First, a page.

By: Deanna Rebro | Category: Recreation/Leisure | Issue: June 2012
On June 4, the Circle Cinema will honor military veterans of all branches and all eras with five free screenings of “70th Anniversary Battle of Midway.”
On Monday, June 4, the Circle Cinema will pay tribute to local veterans with five free screenings of “70th Anniversary Battle of Midway.” This hour-long documentary film commemorates the most important naval battle of the Pacific Campaign of World War II. The Battle of Midway has come to be known as the turning point of the war.
Just six months after Japan’s attack on Pearl Harbor and at a time when communications were far from what we take for granted today, American naval commanders were able to set up a communications trap that foiled the Japanese efforts. As a result, four vital Japanese aircraft carriers were destroyed and more than 3,000 were killed. The American losses, though tragic, were a small fraction. Consequences from the three-day battle proved too large for the Japanese to overcome.
Screenings will begin at 11 a.m. and continue at 1, 3, 5 and 7 p.m. The public is invited to attend free of charge. Cinema Circle Office Manager Chuck Foxen says they are pleased to once again pay tribute to America’s military veterans from all branches and all eras. The theater, the oldest operating in the city, has been offering a military presentation since 2004.
“The part that’s great,” he says, “is having all these people come together.” Many veterans come and stay all day to network with others, share their stories and show their hats, uniforms and decorations. Guests can expect to see actual military vehicles, a model carrier plane and lots of memorabilia and photos. The 5 and 7 showings will feature veteran speakers.
“This is a great family event that has parents bringing their children and grandparents bringing their grandchildren to learn and meet some of the people who took part in shaping America’s history,” says Foxen.
That’s similar to how the Circle Cinema itself has been a part of shaping Tulsa’s history. The modest neighborhood community theater that opened in 1928 at 12 S. Lewis was in Tulsa’s first suburban shopping center, Kendall Whittier.
A checkered past includes family entertainment, western serials, James Bond features, blue movies, Hispanic films and approximately 10 “dark” years when only pigeons entered the theater whose marquee featured “For Sale.”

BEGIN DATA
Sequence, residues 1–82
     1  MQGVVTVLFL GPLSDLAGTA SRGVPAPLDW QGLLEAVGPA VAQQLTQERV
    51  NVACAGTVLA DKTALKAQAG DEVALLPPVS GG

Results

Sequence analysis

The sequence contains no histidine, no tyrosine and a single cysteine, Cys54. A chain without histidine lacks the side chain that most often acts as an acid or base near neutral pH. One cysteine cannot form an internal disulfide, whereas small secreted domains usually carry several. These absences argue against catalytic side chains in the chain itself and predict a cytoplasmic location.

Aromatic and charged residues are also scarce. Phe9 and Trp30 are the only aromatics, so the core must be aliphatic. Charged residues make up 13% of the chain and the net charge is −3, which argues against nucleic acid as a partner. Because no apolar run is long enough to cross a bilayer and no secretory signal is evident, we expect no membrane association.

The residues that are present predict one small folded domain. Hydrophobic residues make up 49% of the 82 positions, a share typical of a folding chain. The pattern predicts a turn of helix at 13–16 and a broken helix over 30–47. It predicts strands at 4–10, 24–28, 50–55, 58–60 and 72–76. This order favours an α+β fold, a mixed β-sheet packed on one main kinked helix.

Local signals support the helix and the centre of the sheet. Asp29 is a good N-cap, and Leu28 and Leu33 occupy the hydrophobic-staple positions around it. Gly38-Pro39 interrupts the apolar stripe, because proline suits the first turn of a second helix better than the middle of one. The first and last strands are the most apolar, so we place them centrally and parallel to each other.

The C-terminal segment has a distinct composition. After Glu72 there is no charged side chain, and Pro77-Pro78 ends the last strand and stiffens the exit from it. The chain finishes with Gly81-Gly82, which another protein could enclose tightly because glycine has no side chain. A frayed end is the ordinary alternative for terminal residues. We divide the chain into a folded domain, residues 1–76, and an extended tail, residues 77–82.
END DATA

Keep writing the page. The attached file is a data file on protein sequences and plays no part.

In 2002, the Circle Cinema Foundation was formed to purchase the building and breathe new life into the Circle as a nonprofit cinema and film arts organization. Now on the National Register of Historic Places, the theater focuses on educational venues that include documentaries, independent films, foreign and classic films, and related events. “We can hand pick our films,” according to Chuck, “and do things to help the community by offering special free screenings such as this one.”
Funding to support the theater comes through memberships and donations. A large construction project under way includes two new screens and the restoration and reinstallation of the theater’s original pipe organ. A future phase will add laptop connectivity for big screen presentations during business meetings or for large school groups.
But there is one thing that high technology has not, and will not, change at the Circle. The restored neon marquee from the 1950s still requires the letters to be hand inserted. It’s perhaps the only remaining task from the past at the only remaining historical movie theater still operating in Tulsa.
Seating is limited, so guests are encouraged to arrive early for the free screenings. There is plenty of free parking behind the building, across the street and on the street. For more information, call the Circle Cinema business office at (918) 585-3456.
Deanna Rebro has worked in the publishing industry 30+ years, including eight years writing for Value News. She has also worked in real estate for the past six years. Deanna graduated from Kent State University in Kent, Ohio with a B.A. in Journalism. Outside of work, she serves as Vice President on the Board of Directors for Pet Adoption League. “Every story I write is a learning experience,” she said.